I am stood on a plinth in the middle of London’s Trafalgar Square. To my right two martial artists in full body armour click their escrima sticks together and chuckle behind their face masks. To my left a member of the UK’s only all-girl boy band, North Star, shares 90s celebrity gossip (by ‘eck that Shannen Dohertry is incorrigible) and Michael Jackson song lyrics from a well-preserved copy of Smash Hits. In front of me a heaving gaggle of press snapped away with their cameras, throwing out occupations to turn faces towards lenses. “Knitting girl! Knitting girl!” one of them shouts, clicking away. I turn my face towards his lens and crack a smile of faint disbelief.
Yesterday morning I was art. It was all the fault of Mr Antony Gormley, whose cast-iron sculptures scared the bejesus out of half of London in 2007 by peering down from South Bank rooftops like rusty angels of death.
Gormley won the honour of having the next art installation to perch atop Trafalgar Square’s Fourth Plinth. His One & Other project will be a living sculpture, in which 2400 ordinary folks will have an hour each on the plinth over 100 days.
It began rather damp and nervously. I arrived at the ungodly (for a freelancer) hour of 8.30am, with my trusty photographer Tom ‘Mr Tea’ Lee. It was a bring your own plinth occassion and I had brought my own plinth. A footstool that had been in my family for over 20 years, covered lovingly in knitting from the Stitch and Bitch London ladies (thanks Tina, Marion and Linda).
The Fourth Plinth area was severely lacking in eccentric individuals when I got there. A niggling worry began at the back of my tiny mind. What if I were the only person unhinged enough to respond to an email that asks you to bring your own plinth to Trafalgar Square and stand on it in front of the cameras in the name of British Art. For the time being it was just me, my woolly plinth, my beephones, and me chewing on my lower lip.
But then Where’s Wally arrived and my fears were soothed. He’d even made his own hair out of bits of cardboard.
Highlights of my morning:
Bridget, a storyteller swathed in black, who spent the morning in her stockinged feet waving her knitting and her tales across the snapping slew of press below her. The ball of yarn she brought along was dug up from her attic the night before and was over 60 years old. She sidled up to me when she saw my scarforama and whispered “Don’t worry. I’ll try not to steal your knitting thunder” with a conspiratorial smile before getting back to her tale telling. Someone to aspire to.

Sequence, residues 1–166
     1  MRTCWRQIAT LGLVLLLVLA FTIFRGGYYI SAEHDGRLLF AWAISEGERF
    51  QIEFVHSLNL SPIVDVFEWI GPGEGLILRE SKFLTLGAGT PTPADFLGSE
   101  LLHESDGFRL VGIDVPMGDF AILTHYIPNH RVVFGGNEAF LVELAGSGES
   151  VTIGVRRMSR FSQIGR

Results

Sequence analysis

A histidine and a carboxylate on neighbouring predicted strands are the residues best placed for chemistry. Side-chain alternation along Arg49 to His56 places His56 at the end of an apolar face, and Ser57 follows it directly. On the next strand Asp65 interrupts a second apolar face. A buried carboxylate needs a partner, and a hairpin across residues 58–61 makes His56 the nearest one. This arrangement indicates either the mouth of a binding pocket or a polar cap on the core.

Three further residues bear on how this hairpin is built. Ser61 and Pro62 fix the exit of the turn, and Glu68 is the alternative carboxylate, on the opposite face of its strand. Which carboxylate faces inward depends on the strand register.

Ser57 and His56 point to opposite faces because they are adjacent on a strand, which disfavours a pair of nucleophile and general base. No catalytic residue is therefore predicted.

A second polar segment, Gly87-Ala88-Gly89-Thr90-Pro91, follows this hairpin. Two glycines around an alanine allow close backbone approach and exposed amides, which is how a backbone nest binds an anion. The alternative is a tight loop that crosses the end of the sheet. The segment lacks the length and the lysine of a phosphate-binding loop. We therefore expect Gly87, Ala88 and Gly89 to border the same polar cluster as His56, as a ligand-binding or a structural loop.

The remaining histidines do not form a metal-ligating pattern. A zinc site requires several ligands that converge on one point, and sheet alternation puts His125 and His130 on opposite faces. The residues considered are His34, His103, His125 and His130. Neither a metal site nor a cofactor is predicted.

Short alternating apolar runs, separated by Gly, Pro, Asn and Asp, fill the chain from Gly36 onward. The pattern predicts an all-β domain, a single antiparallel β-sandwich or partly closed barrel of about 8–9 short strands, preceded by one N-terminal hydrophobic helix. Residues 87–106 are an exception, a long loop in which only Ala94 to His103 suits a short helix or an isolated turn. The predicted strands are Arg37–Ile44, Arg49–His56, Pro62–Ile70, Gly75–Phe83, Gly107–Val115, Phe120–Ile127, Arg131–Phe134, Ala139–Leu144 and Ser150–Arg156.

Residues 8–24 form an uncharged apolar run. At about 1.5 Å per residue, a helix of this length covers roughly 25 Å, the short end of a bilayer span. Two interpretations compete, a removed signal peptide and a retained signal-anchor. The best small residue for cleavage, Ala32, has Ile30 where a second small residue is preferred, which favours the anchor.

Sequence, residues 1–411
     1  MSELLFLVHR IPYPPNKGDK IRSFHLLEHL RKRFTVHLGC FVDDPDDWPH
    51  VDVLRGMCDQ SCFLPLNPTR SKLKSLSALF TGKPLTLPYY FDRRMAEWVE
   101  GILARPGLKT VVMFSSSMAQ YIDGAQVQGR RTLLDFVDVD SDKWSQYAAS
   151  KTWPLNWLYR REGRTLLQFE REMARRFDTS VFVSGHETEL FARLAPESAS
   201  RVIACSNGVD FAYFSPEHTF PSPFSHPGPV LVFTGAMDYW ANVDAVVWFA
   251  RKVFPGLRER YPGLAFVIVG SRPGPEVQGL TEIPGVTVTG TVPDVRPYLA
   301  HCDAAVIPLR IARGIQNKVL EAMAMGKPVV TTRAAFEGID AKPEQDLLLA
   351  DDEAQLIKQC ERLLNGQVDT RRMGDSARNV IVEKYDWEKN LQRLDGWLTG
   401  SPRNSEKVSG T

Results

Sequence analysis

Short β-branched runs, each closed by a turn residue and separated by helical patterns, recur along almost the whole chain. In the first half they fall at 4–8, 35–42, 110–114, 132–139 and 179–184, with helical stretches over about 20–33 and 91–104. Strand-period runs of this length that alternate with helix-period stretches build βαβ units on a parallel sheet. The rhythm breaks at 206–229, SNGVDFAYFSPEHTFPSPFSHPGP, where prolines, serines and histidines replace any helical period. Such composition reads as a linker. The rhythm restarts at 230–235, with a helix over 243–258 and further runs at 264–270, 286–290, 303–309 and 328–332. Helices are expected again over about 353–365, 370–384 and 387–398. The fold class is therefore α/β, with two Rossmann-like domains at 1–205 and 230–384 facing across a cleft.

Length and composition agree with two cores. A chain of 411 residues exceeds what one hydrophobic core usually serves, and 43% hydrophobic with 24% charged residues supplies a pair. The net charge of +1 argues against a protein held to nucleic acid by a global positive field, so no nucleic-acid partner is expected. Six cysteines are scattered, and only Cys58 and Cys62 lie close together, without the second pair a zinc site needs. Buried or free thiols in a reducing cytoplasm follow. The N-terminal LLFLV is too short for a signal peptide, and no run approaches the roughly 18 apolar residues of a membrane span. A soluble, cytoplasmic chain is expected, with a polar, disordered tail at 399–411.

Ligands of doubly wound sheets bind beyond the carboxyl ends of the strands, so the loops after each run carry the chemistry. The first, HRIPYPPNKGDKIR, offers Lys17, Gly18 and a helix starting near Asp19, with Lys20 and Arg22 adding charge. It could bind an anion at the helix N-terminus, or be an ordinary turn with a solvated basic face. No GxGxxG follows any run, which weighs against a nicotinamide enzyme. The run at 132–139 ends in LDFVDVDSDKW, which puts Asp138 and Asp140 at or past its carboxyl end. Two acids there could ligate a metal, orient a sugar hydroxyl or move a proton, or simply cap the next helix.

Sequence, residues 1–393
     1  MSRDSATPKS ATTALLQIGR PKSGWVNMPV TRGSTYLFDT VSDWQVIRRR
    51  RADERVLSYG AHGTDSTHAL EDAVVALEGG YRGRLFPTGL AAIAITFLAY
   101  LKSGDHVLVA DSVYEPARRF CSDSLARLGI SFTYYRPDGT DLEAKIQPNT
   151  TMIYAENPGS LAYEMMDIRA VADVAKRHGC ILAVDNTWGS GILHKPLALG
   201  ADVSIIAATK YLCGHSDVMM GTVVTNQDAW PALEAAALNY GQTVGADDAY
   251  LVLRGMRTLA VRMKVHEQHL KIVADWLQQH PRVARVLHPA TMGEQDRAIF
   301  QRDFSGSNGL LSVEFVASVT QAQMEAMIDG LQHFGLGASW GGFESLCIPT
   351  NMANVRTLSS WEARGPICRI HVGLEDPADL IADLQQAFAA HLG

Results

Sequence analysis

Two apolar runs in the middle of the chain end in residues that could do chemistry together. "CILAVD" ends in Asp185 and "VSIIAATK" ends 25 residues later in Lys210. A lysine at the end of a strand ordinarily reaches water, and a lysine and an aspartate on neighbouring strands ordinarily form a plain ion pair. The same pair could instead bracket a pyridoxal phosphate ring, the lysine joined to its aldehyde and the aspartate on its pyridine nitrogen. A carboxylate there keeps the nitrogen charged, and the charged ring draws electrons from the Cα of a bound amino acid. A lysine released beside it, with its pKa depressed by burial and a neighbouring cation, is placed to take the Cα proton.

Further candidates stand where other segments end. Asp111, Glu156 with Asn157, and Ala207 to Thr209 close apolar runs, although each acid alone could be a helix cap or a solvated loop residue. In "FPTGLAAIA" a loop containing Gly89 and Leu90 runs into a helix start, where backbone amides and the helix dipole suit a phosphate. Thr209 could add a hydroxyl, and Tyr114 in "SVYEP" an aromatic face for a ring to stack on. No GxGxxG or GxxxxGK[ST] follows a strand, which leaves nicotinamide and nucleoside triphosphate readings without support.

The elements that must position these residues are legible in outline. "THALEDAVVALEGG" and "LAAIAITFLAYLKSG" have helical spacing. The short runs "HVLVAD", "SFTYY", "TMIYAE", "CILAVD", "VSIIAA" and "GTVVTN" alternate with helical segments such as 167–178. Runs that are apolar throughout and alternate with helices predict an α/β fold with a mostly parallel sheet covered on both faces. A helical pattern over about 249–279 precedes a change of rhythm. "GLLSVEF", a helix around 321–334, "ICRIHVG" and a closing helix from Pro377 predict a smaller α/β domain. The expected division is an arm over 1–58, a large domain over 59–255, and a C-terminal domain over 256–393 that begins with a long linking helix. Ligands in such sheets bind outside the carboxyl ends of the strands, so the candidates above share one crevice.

Lucy, an actor and member of the all-girl boyband Northstar. Her plinth was in the form of a pile of well-preserved issues of Smash Hits, which she flicked idly through as the cameras did their soul stealing.
Fiona and her flute player, a pair of London lady morris dancers. Fiona wore bells on her knees and was so bouncingly full of energy that the tinkling of her knee caps accompanied every camera click.
Tom, an artist who arrived fully clothed and perfectly average-joe looking then seemed to shed his outfit out of nowhere and teetered atop the various plinths they herded us on and off in only a pair of purple pants and his socks. His nakedness was apparently a homage to Caravaggio’s David and Goliath, though I have checked and I don’t see a pair of purple pants anywhere in the painting. Maybe they’re under the toga.
Will, a journalist from The Times who clearly is aptly named for he seemed to have more will than most. He marched into the middle of the photoshoot armed with his notepad and his elegantly classical plinth, and had to be shouted out of the photos by Gormley’s press people. “Oi! Times! Get out of the shot!” one of them roared at him. Antony Gormley seemed quite amused by the whole thing, and apparently told him “I would just like you to be a bit higher,” he said. “More like an idealised object. You ought to go and stand on the roof of your house. That will be better practice.”
A few more highlight from the day in photo form:
I finally met the lovely Laura and her wee bairn from GoLondon in the real world. Fabulous chick with lots of London knowledge.
Diana and Alex are stickfighting World Champions. Cooooooool.
Antony Gormley himself was infinitely tall for my five foot four self. I blinked up at him in the hazy smiley awe that us mortal folks get when faced with someone who is doing great things and still manages to find time to compliment a knitter on her hastily stitched scarf (up till 3am with needles on warp speed the night before).
The actual privilidge of an hour on the plinth is a lottery. Us potential plinthees (over 10,000 applicants so far) won’t know if we get our 60 minutes in the spotlight (or the rain) until June. If I get my plinth time I intend to start a scarf at minute 0 and have it hit the concrete floor of Trafalgar Square (the height of the UK average house) before minute 60.
Gormley says “It’s about people coming together to do something extraordinary and unpredictable.” which, in the humble opinion of this beephone-wearing knitter, is what life is there for. That and cake.
The BBC’s footage of the day: